The proliferation of online calculators has been amazing. It is easy to find numerous calculators on line to help you with almost any question. They are useful in that they generate simple answers to complex questions, and yet that same characteristic means you should use them very carefully.

In general, calculators are like the proverbial black box. You answer a few simple questions, the calculator performs a few calculations not understood by you and spits out an answer. Unfortunately there are a few problems with this approach.

First, is the garbage in/garbage out phenomenan. The answers to the simple questions have a big impact on the outcome. If they are garbage, or even sometimes slightly wrong, the answer is garbage. Often, default answers are provided. Unfortunately, these answers may or may not be applicable to your situation. Even if you provide your own answers, they may well reflect only your best guess rather than the actual facts.

Second, the black box may well have all sorts of assumptions hidden inside, which may, or may not, reflect reality. And these assumptions can have a significant, but not understood, impact on the answer.

Let me take a few examples I have experienced.

Recently, I was considering whether to execute some incentive stock options and happened upon a calculator designed to help decide whether to execute or keep these options. I dutifully answered questions about what I would expect to earn on proceeds from the options and how much appreciation I expected on the underlying stock. Since anything I put would be a guess, I entered the same figure for each. Magically, out pops tables and charts showing clearly that I would be better off to not execute the options. It all looked very ironclad. But ultimately, I realized that with this was very questionable, and given this set of assumptions the answer was obvious, despite all kinds of assumptions about tax rates, etc. Since options are leveraged, any positive appreciation equal to normal investment expectations would favor the leveraged investment. However, after looking at several different sets of assumptions, I realized that the options were much more risky that the other potential investments. And, since I was within one year of option expiration, I didn't have time to ride out any short term setbacks. I decided to execute the options.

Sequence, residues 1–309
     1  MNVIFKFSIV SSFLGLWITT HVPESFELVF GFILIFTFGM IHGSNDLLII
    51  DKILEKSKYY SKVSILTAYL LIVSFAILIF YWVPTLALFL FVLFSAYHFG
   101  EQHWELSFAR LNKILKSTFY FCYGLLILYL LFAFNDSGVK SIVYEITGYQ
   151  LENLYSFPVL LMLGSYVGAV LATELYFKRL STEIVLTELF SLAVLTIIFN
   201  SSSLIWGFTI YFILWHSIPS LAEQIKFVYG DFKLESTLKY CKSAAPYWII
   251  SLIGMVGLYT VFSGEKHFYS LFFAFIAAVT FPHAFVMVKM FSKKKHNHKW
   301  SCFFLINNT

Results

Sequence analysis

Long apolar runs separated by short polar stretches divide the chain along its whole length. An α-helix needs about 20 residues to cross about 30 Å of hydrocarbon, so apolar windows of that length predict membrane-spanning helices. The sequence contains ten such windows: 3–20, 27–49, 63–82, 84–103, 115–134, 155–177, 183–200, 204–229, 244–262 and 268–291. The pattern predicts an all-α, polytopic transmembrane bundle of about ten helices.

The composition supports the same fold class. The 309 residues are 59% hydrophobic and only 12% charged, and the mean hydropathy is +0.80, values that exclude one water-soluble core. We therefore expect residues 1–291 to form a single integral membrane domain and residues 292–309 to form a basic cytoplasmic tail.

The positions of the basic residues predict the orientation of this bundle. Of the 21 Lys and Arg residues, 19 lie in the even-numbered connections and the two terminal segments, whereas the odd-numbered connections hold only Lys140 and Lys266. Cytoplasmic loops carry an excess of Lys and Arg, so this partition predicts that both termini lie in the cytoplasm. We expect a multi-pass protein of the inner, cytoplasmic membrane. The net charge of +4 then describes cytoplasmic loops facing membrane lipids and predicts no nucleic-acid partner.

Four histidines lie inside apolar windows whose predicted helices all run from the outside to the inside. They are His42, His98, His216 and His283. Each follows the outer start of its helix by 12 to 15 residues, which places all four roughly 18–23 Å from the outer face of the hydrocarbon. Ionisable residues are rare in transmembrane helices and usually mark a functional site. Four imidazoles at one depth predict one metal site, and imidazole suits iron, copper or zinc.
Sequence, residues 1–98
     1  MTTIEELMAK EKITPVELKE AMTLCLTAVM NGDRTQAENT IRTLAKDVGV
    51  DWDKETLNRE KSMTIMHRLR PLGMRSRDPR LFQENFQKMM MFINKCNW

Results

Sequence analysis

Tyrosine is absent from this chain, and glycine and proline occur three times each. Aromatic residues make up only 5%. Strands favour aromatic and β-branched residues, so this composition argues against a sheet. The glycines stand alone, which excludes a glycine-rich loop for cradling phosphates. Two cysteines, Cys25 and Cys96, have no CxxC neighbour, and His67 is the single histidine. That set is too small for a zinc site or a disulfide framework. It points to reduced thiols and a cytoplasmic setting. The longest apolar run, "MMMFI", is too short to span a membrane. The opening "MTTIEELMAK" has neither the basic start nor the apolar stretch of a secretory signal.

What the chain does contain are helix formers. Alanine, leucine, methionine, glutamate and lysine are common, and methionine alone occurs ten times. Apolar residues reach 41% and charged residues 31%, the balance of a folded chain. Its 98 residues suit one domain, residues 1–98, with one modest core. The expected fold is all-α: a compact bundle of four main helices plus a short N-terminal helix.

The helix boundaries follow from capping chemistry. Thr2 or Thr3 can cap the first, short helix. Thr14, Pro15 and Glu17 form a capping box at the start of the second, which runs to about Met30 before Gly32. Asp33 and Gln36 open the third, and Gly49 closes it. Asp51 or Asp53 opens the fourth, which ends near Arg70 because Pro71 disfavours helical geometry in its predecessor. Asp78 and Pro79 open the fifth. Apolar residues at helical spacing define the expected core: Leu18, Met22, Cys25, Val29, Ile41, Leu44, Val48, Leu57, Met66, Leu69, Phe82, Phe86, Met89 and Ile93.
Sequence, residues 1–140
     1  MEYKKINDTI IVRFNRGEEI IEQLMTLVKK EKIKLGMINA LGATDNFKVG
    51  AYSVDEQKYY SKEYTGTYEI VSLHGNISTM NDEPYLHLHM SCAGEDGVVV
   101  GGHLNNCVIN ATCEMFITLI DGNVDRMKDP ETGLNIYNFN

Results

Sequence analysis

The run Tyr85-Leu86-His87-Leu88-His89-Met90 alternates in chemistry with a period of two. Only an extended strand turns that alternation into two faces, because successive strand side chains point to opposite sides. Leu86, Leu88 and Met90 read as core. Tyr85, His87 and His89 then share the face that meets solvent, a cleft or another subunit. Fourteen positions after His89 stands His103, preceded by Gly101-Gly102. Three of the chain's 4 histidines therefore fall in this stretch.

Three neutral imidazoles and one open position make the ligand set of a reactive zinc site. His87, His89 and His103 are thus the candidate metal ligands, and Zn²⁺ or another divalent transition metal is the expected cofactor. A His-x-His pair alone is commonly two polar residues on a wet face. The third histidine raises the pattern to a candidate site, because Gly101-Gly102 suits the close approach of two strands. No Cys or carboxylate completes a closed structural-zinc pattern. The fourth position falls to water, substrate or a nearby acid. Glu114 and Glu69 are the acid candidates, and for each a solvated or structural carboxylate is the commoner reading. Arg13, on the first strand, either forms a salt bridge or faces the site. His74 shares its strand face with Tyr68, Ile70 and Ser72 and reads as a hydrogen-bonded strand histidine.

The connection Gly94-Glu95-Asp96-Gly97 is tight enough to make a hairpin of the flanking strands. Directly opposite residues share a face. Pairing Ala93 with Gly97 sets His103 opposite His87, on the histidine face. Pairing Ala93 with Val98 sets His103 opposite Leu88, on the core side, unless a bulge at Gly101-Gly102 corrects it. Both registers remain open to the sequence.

In another case, I was within a year of early retirement when I saw a calculator to determine what I needed to do to retire. I entered assumptions about how much I planned to spend annually in retirement, what rate of return I expected, my planned retirement date. The calculator returned with notice that I needed to save $100,000 annually to be able to retire on that date, which of course was not in the cards. My dream was shattered... but wait, if I lowered my spending expectations by 1%, magically I could retire immediately. Or, if I increased my assumed return by 0.1%, I could retire. The answer was right according to my assumptions, but minor changes made a huge difference in the outcome.

So, what should you do? If you want to take advantage of the calculator, make sure you take a number of steps to understand better the outccome you receive. First, take the output of online calculators with a grain of salt. Second, try to understand what assumptions may be built into the model, and whether they are appropriate. Then, run a number of different assumptions that cover the entire range of possibility so you have an idea of the sensitivity of the model to the assumptions you make. Be even more careful if the calculator is designed by someone trying to sell you something. It almost certainly has hidden assumptions that tilt the answer toward their product.

My personal preference is to do my own calculations. Generally, the calculations in the calculator are easy to model in a spreadsheet and can be set up within a few minutes. I set up the assumptions in a table and write formulas with use the cells in those tables. By doing this, you will have a good understanding of the assumptions that are the basis for the answer you are getting and can easily change the numbers in your assumption table to run sensitivities. This approach may take a few minutes longer than plugging guesses into a calculator, but you'll have a more better understanding of the complexities in arriving at an appropriate answer to your questions, and much better chance of arriving at the correct answer.

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